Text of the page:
This past week I had the opportunity to sit down with Curse of the Dead Gods by Passtech Games. Out now in early access on Steam, it’s a rogue-lite game that puts you in the shoes of an adventurer exploring an ancient temple. Cursed by the gods, you’re now exploring both for loot and to escape the cycle of death and reanimation you find yourself trapped in.
For the most part, Curse of the Dead Gods is a randomly generated isometric hack-and-slash, but where it differs from similar games is in the curse mechanic. Each room you go through will grant a bit of corruption, some enemy attacks will corrupt you further, and lastly, instead of paying gold at the shrines you find for relics and stats, you can gain corruption instead. As you become more corrupted you gain curses, all of which offer some detriment to gameplay like constantly lowering health, making enemies invisible in the dark, or making foes explode shortly after death. Quite a few, however, also have beneficial trade-offs to them, such as making it easier to hit enemies with traps, reducing damage taken at the cost of gold, or the aforementioned exploding enemies ALSO taking out their allies.
This led to two approaches toward going through the temple: Trying my best to avoid corruption wherever possible in the hope of keeping my run as simple as possible, or throwing caution to the wind and embracing corruption in the hope of getting more curses I can twist to my own ends than strictly detrimental ones. However, even then, some caution was advised. In my experience, the fifth and final curse tended to be run-endingly awful.
Now, that all said, this game is hard. Like, I’d argue unreasonably so. The benefit of the game being early access is that this is all subject to change, but I’m unsure how much of this is the game needing further balance, and how much of it is intentionally making it this hard.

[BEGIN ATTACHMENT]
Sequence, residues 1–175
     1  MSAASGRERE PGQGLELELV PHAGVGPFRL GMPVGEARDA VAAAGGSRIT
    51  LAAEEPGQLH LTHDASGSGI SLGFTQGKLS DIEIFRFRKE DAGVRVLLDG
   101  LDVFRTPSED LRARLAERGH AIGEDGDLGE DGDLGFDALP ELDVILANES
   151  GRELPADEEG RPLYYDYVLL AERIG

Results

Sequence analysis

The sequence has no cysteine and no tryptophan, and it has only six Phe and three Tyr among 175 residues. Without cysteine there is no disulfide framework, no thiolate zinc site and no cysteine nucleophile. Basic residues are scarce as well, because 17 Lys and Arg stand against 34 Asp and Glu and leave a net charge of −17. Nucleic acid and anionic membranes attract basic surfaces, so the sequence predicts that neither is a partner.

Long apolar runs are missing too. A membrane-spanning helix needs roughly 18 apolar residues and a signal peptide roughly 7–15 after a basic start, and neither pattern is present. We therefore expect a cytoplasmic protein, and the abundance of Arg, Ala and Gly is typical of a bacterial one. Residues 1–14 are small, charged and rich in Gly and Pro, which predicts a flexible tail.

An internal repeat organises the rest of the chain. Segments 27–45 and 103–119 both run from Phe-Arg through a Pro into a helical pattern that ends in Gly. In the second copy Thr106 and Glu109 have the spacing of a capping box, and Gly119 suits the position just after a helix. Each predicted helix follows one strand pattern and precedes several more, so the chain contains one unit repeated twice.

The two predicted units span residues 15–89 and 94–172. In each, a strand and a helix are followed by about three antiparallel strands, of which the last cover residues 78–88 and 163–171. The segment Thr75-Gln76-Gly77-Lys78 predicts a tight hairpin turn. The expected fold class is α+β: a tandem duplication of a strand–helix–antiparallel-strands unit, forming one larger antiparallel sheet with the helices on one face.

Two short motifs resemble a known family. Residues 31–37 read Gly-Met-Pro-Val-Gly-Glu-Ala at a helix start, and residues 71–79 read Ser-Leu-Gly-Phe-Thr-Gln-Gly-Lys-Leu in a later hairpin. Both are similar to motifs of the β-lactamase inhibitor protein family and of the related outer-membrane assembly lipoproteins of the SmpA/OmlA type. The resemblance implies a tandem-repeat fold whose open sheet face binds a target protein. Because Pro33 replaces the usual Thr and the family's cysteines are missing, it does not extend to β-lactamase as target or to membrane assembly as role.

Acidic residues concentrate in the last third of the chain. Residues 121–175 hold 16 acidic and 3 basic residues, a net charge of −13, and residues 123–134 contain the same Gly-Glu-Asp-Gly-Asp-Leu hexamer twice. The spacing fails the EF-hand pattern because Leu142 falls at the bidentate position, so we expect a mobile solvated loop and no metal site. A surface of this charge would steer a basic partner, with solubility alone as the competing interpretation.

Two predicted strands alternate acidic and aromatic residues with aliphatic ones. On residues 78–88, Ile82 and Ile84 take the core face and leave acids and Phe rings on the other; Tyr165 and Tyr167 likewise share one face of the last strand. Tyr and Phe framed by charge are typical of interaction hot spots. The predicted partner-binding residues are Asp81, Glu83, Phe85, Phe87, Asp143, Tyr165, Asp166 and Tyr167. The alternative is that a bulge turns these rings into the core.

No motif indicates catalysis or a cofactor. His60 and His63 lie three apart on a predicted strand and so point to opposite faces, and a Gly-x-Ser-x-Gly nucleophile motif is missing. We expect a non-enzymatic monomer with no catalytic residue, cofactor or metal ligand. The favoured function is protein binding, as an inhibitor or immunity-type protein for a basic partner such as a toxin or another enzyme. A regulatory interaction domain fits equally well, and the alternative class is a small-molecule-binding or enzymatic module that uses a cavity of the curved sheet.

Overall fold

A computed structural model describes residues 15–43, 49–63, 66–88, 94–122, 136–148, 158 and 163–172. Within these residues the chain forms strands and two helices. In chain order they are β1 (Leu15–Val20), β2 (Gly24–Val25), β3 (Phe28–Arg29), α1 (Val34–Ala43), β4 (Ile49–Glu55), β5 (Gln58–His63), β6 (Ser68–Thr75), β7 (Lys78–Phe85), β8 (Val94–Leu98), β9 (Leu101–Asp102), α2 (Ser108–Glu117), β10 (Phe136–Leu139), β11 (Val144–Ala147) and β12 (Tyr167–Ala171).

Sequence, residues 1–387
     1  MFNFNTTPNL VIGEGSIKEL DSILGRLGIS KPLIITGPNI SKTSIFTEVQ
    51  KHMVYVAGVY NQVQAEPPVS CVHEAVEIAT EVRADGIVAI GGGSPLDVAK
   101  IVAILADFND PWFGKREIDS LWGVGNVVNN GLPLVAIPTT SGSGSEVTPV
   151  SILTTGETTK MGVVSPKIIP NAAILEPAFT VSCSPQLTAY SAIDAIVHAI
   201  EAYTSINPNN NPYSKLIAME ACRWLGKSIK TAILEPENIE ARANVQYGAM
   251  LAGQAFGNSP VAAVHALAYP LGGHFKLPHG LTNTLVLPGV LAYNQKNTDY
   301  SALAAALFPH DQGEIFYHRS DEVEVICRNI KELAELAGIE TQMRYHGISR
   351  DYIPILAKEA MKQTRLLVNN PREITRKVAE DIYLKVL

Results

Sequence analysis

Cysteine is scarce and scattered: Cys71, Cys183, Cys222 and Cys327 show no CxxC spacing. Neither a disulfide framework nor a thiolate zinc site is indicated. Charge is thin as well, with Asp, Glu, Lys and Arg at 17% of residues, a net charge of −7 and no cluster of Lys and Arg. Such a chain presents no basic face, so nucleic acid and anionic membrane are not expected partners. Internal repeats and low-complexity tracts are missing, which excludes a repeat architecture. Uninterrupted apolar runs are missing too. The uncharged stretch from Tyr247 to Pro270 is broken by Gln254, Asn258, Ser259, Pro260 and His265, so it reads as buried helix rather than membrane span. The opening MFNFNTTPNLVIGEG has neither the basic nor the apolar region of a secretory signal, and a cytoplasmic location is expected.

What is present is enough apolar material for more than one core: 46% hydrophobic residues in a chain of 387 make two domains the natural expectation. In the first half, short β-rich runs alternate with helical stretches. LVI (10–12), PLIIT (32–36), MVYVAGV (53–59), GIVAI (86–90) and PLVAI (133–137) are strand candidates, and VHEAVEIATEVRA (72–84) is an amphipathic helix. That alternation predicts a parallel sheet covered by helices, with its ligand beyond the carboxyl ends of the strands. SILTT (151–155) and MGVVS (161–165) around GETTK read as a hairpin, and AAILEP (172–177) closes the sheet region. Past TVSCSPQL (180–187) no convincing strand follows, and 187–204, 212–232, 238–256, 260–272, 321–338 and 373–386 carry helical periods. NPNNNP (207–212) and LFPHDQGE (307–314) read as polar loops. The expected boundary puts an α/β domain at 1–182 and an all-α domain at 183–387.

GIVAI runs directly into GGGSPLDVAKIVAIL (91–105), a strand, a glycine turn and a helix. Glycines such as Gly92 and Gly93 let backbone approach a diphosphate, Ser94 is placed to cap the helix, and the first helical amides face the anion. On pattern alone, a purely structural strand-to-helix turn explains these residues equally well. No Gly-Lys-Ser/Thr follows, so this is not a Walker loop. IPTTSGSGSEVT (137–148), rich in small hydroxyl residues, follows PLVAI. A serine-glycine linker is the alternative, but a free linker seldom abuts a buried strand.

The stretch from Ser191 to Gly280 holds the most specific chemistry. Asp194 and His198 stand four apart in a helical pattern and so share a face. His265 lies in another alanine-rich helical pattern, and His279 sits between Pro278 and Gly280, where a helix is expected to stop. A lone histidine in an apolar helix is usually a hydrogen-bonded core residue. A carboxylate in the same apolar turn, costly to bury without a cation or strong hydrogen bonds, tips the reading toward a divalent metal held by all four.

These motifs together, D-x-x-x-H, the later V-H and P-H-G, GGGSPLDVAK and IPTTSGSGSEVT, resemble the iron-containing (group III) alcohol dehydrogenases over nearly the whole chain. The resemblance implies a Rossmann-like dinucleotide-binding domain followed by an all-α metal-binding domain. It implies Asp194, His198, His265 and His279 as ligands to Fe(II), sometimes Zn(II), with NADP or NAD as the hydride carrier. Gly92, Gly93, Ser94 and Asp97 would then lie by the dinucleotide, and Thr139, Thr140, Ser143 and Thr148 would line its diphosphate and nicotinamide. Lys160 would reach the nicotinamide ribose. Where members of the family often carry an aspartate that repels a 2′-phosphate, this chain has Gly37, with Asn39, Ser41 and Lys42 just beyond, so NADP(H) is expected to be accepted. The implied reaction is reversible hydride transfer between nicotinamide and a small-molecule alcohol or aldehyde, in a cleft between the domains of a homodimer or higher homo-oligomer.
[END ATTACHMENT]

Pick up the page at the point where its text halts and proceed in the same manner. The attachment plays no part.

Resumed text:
By far the biggest issue I had was with healing. There are only two ways of healing in Curse of the Dead Gods: Either find a Haven room and gain corruption to heal some health (Havens are uncommon enough that an entire run may have none at all), or from an effect on weapons or accessories, but these tend to be low healing amounts that also require special conditions, such as “Heal 3% of max HP when performing an off-hand combo as your finishing blow,” and these aren’t even much more common than havens. You can’t count on having any healing whatsoever, and this makes every single hit you take a major problem. Especially given the length of each run, and the requirement to kill every enemy in a room before proceeding. I’m not afraid of difficulty in my games, but this feels like “Dodge/parry every attack. Or else.”
One other complaint is how obtuse a lot of the game systems are. While it does have a neat tutorial system where, on your first several runs, it’ll tell you how to do things like charged attacks or parrying and encourage you to use them, MANY of the mechanics are not explained in any way. For example, the additional effects on off-hand combos (interrupt on pistol, knockback on shield, etc) was something I learned by accident. The fact that I take extra damage in the dark was something I only knew about thanks to a tracker in the death screen. But then there’s cases like the “Weaken” effect, which I was able to inflict with certain weapons or by lighting enemies on fire with a specific blessing. Does that mean they do less damage to me, or take more damage? Is there perhaps some core mechanic vital to surviving that I just never found? I might never know.
Outside of that, I really did like the aesthetic of the temple environment, the curses added an interesting risk/reward mechanic, and the combat felt very fluid (Interrupting a melee combo with an interrupting pistol shot felt extremely satisfying.) I’m looking forward to what they do going forward, even if I find the current build more than a little frustrating.
Preview copy provided by Focus Home Interactive for PC. Screenshots taken by reviewer.